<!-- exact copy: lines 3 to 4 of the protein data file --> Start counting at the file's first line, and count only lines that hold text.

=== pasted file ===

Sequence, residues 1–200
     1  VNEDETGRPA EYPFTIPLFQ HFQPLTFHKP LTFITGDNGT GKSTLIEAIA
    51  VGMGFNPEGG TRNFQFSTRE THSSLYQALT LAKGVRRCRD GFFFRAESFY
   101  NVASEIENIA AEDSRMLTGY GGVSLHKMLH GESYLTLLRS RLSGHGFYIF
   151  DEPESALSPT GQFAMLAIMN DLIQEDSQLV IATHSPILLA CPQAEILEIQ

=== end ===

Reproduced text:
    51  VGMGFNPEGG TRNFQFSTRE THSSLYQALT LAKGVRRCRD GFFFRAESFY
   101  NVASEIENIA AEDSRMLTGY GGVSLHKMLH GESYLTLLRS RLSGHGFYIF